sees is not a man but an animated extinguisher, a gigantic copy in reeds and grass of the tin cones with which a generation that had not yet struck oil was wont to put out its tallow dips. Ten feet high, this extinguisher prances through the village, rushing furiously at every house as though intent upon extinguishing all who might be within, stopping short at sight of the armed householder only to whirl high in air and dart away to the next house, followed by the armed man from every house he has visited. It is a mad dance, this speechless prancing of a rushy cone followed by a constantly lengthening queue of silent warriors grimly brandishing clubs and poising spears. From house to house it goes until every house has been visited. If the Duk-duk chance upon a man away from the shelter of his roof-tree, meet him crossing the village green, or lurking in one of the narrow alleys, he charges down upon him, and destruction seems imminent. The man thus met lifts his arms with certain symbolic movements of the hands and fingers; his sign is recognized, the cone dances back, the threatening clubs are lowered, and the stroller falls in at the end of the procession. If man, woman, or child thus met out of doors failed to give the proper sign the clubs of the warriors would fall and the extinguisher would dance upon the prostrate form, dyeing his feet and ankles and staining the long grasses of his disguise with the blood of the profaner of the mysteries. Sometimes it happens that some man not deemed worthy of initiation is caught unawares before he can gain a place of refuge, and in every such case the full penalty of death by clubbing is exacted.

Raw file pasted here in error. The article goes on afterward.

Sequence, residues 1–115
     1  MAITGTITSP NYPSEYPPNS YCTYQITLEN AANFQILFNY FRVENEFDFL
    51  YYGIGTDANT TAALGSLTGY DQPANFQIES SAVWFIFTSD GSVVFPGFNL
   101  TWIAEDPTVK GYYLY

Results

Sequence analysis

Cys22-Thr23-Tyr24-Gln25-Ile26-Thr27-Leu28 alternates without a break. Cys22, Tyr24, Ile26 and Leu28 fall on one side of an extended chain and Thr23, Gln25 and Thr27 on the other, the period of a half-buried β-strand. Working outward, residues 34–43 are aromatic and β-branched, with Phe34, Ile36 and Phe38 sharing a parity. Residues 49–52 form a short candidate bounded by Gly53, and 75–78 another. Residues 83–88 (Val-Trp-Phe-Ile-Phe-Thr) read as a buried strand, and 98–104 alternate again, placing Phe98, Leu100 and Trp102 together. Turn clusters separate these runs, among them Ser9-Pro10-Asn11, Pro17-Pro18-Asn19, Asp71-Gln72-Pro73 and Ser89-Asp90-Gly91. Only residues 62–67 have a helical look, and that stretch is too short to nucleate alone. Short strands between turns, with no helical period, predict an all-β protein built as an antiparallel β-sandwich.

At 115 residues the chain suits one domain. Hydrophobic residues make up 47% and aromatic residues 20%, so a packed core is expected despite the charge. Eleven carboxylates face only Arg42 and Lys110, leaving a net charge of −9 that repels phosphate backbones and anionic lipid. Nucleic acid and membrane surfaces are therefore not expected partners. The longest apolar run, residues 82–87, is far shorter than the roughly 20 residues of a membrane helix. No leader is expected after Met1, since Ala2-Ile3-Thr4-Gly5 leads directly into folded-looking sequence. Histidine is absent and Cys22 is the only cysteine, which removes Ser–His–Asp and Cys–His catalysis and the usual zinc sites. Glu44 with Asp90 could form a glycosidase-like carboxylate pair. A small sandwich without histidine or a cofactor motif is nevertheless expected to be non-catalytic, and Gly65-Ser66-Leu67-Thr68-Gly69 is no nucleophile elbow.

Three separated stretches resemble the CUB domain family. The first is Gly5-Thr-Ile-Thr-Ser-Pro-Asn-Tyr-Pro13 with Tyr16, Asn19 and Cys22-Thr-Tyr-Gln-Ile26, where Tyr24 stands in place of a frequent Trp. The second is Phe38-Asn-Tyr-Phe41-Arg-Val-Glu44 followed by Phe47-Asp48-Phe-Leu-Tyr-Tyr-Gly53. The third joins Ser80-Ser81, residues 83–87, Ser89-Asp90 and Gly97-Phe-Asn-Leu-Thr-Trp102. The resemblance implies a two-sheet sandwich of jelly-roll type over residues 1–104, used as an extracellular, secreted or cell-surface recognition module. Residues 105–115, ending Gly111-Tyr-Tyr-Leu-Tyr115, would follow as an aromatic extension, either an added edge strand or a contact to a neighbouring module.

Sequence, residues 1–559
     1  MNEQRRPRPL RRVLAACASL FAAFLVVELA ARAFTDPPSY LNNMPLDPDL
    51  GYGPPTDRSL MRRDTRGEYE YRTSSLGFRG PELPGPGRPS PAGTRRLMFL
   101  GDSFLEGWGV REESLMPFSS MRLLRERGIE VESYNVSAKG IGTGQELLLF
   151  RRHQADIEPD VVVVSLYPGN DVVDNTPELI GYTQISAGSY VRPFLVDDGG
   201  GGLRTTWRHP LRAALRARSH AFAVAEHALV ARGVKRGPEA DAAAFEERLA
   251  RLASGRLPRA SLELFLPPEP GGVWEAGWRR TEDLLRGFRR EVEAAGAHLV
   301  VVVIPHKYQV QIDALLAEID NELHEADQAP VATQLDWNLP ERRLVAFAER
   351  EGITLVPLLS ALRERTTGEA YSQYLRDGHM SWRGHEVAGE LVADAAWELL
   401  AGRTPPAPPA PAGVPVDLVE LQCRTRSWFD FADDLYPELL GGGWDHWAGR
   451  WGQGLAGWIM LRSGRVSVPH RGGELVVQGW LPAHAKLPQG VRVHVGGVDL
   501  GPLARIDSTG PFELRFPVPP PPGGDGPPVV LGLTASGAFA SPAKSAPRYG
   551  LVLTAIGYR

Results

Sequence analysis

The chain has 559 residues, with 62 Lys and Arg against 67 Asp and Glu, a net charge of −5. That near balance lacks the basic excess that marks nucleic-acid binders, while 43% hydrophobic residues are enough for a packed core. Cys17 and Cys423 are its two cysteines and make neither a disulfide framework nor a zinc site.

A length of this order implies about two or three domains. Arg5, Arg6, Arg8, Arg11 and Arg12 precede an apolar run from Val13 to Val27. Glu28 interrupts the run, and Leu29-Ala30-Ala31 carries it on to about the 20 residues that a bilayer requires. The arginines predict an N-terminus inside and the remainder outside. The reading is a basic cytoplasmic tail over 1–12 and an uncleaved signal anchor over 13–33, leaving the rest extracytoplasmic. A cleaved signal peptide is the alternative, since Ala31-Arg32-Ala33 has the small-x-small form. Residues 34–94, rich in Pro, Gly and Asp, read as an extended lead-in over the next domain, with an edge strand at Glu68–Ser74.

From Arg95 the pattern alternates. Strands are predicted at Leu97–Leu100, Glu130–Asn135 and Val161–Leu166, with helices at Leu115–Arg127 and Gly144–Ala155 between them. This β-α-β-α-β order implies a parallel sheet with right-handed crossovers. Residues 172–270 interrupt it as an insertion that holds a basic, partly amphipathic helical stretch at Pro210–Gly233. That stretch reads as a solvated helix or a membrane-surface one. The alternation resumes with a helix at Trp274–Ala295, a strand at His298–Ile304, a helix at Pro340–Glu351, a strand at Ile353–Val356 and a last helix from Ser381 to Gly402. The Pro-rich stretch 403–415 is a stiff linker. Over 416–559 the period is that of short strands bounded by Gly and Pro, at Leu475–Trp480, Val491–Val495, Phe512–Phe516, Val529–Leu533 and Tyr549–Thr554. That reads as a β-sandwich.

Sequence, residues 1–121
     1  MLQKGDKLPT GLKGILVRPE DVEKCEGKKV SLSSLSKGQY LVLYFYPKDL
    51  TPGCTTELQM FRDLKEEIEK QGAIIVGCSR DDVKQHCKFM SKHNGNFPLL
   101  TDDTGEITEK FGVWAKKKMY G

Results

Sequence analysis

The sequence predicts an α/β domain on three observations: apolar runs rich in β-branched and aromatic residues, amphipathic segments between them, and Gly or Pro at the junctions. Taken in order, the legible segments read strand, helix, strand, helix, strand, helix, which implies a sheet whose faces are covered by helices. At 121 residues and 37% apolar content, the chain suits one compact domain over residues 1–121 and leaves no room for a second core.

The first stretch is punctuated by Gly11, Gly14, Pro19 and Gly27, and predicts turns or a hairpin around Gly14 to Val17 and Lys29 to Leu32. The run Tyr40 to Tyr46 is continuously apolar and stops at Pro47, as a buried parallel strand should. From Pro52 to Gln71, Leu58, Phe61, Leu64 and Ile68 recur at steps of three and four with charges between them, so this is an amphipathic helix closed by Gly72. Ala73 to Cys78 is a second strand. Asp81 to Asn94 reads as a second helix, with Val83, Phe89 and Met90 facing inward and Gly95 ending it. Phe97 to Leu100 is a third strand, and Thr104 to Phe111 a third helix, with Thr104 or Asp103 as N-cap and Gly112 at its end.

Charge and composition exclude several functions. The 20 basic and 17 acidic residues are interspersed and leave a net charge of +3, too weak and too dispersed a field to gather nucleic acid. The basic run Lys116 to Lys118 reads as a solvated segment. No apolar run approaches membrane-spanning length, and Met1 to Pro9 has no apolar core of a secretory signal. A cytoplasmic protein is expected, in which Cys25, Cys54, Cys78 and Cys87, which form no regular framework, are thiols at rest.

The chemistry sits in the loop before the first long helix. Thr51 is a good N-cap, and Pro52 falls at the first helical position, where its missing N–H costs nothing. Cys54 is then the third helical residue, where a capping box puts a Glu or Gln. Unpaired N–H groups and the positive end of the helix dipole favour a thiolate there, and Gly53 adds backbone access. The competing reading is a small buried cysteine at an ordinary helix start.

Sometimes a man met out of cover gives the proper sign, but the Duk-duk still dances before him, and the warriors still threaten but do not strike. Two others then leave the line and stand by the side of the man thus menaced, always one of the boys just growing into manhood; together they all three give the sign, the disguised fugleman and his tail dance away in search of other victims, and the two sponsors lead the lad away to an inclosure near the woods on the outskirts of the village.
The dance is done with a final nourish before the house of the chief, who would be chief no longer if he incurred the enmity of the Duk-duk; the stragglers have given the proper sign and have joined the dancing queue, or been led away by their sponsors, or else they have not hailed the mysterious visitor in the due and ancient form, and lie bloody where they stood, mere dead things. There is a flourish before the chief's house, and then the dancers, still strangely silent, follow their leader by the most direct route to the inclosure of high palisades where await them all such as they have met who have required sponsors; there is always one such, frequently more; for it is generally for the purpose of initiating these candidatas into the mysteries that the Duk-duk